How Do I Choose A Fly Reel?

A close-up of the three fly-fishing reels on rods lined up along a fence.

Choosing the right fly-fishing reel depends upon three main variables: target species, price, and whether you're fishing fresh or saltwater.


With all the reels on the market, looks may also be a consideration. After all, you’ll be spending hours with this reel attached to your rod. Picking one that looks good and matches your style or coordinates with other gear makes the purchase even more rewarding.

1. Decide On Your Target Species

Your target species will determine which line weight(s) are ideal for the rod and accompanying reel. Most reels are designed to handle a range of line weights and the right amount of backing, and balance properly on a coordinating rod. For instance, an Orvis Hydros reel in size II is designed to hold 3- to 5 WT lines, and balance on a 3- to 5 WT rod. But a size V reel is designed for 9- to 11 WT lines and rods and is much bigger than the II, meaning it’s heavier and won’t balance well with, say, a 3- to 5 WT rod. Let the target species lead you to the right line and rod weight, which in turn will give you the ideal reel size.


Trout & Freshwater Bass


  • These reels are the most varied on the market. Because the fish are smaller, powerful drag settings aren’t crucial.
  • Many anglers still love the old-style “click and pawl” reel, where you rely on the reel’s clicker system to slow down the spool’s speed (and the fish). In addition, you can place your free hand on the rim of the reel to use it as drag control.
  • The most important aspect of picking a trout and bass fly reel is to match the size of the spool to the size of the rod. Your rod will be a designated weight (WT). Fly reels come in designated WTs, too. Matching a 5WT rod with a 4/5 WT reel or a 5/6WT reel is a good strategy. Go with a size larger if you’re fishing streamers and have a streamer-specific line or you will be adding longer sink tips. This makes it easier to gather up line as you reel in.

Saltwater Fish

  • Here you’ll need a strong drag and a large reel. Saltwater fish often pull much harder than most freshwater fish. Follow the same idea and match the reel size to the rod WT, but think about over sizing it a bit. This allows for more backing, which you may need when a powerful fish takes off on a long run.
  • One of the most important variables in choosing a saltwater reel is a sealed drag, which helps protect the reel from the saltwater’s corrosive effects. Saltwater is tough on metal and will require you to use more care and maintenance than you would on a freshwater reel. Tip: Wash your saltwater reels after every use to help keep the parts moving.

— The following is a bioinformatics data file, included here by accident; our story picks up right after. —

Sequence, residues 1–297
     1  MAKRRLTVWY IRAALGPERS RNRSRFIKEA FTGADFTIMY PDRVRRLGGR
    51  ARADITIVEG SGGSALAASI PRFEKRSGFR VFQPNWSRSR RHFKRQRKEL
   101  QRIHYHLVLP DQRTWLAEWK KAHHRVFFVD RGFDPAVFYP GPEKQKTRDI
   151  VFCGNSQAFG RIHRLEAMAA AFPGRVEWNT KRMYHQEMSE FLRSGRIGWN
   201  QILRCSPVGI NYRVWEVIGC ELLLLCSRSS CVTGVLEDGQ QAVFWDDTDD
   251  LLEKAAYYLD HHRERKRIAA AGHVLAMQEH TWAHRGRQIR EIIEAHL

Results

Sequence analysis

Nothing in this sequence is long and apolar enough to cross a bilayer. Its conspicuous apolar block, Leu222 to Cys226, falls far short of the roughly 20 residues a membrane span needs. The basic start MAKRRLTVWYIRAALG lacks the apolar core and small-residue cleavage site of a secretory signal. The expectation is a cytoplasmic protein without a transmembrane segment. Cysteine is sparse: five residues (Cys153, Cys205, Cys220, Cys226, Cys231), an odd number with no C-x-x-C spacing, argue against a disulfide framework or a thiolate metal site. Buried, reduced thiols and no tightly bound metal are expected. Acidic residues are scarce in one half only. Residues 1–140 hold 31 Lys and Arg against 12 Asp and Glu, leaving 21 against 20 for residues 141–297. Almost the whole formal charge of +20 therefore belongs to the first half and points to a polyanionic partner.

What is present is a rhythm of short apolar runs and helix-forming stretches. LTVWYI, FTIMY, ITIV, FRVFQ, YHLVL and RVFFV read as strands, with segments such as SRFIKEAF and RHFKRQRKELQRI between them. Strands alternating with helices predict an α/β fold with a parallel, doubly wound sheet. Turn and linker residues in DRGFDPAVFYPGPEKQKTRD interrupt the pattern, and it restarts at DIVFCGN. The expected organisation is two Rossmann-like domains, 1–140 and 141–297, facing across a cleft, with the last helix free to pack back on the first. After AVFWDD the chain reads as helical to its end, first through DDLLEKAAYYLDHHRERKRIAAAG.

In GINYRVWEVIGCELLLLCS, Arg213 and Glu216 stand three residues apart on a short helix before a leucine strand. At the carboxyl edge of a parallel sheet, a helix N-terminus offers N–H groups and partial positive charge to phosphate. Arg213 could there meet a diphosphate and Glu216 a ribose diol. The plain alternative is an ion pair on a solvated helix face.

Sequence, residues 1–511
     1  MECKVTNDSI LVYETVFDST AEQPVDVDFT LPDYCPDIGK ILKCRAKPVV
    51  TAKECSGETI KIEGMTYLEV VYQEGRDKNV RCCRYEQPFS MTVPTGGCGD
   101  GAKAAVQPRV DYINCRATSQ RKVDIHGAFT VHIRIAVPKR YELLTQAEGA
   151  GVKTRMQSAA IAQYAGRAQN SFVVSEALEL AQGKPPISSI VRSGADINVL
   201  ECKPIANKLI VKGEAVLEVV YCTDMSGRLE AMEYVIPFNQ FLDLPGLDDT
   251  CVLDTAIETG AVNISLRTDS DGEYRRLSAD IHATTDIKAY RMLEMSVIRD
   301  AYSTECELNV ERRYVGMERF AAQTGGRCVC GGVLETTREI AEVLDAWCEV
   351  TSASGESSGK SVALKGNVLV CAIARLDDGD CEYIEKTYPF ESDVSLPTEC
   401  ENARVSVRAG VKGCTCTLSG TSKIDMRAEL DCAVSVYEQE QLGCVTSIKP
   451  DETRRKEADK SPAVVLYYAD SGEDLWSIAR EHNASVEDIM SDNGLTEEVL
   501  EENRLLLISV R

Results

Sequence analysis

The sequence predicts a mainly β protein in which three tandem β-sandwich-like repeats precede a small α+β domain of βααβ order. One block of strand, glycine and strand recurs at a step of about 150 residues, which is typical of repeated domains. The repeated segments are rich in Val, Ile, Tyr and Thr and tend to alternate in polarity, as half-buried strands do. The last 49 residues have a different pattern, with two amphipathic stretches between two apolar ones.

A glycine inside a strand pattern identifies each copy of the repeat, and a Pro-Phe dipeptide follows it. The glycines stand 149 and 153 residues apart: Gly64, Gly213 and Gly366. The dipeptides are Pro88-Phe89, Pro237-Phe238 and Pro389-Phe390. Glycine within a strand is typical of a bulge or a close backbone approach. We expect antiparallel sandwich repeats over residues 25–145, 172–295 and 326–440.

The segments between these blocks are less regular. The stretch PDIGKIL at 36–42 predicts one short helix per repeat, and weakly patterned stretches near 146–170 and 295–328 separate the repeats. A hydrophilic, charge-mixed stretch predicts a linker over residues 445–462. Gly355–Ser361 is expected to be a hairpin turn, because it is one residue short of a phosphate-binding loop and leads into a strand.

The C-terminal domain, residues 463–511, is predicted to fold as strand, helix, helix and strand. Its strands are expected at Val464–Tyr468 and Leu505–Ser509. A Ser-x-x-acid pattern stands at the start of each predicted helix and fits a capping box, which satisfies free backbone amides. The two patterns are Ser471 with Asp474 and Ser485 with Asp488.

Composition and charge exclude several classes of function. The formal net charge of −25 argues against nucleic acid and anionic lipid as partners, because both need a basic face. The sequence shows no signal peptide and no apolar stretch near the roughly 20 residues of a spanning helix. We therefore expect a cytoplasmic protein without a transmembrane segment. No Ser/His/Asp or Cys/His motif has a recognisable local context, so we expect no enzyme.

• Larger handles are nice on saltwater reels. You’ll be spending more time reeling in than when you’re freshwater fishing.

2. Pick A Price Range

You get what you pay for in a fly reel, as you do in most things. Most cheap reels are just cheap. For trout and bass fishing, you can get away with a reel that’s less expensive. But rest assured, it won’t last as long as a well-built, more expensive model.

In saltwater fishing, cheap reels might not make it through a full season. Corrosion from salt water and sand will kill them, quickly.



  • If you plan to spend a lot of time on the water, do yourself a favor: Spend the money on a higher-end reel. You’ll thank yourself when you don’t have to deal with internal parts that aren’t working correctly or drag knobs that no longer turn.
  • If you fish just every now and then, stay on the lower end of the price spectrum—you won’t be beating the reel down through use like an angler who fishes every day.


There are few things worse than dealing with less-than-perfect equipment on the water. Spending a bit more on a reel ($100–$200) will relieve you of the frustration of faulty parts and subpar performance. These reels also come with better warranties, so if something goes wrong with them, getting the problem fixed is easy.

3. Saltwater Vs. Freshwater Reels

As mentioned above, when buying a saltwater reel, look for one with a sealed drag system (most freshwater reels don’t have them). This helps keep saltwater from getting into the guts of the reel and turning the parts into rusted, unusable pieces.


While you can get away with a standard drag system on a saltwater reel, you need to be relentless in how you maintain it. This means pulling the line off after every use, washing the line and the spool, taking the spool off the reel seat, and spraying the reel with fresh water. Periodically, you’ll need to pull the drag system apart, wash the interior of the reel, and grease all the moving parts.

Final Casts

Pick a reel you’re going to love using and looking at. You may prefer classic, old-school reels to match a slow-action bamboo rod, or reels with updated, heavily ported, futuristic-looking spools. Reels come in many colors and styles, so match yours to your rod.



And don’t go cheap. If you do, you’ll wind up spending more money over time, replacing cheap reel after cheap reel, rather than spending a bit more on one that lasts a lifetime.

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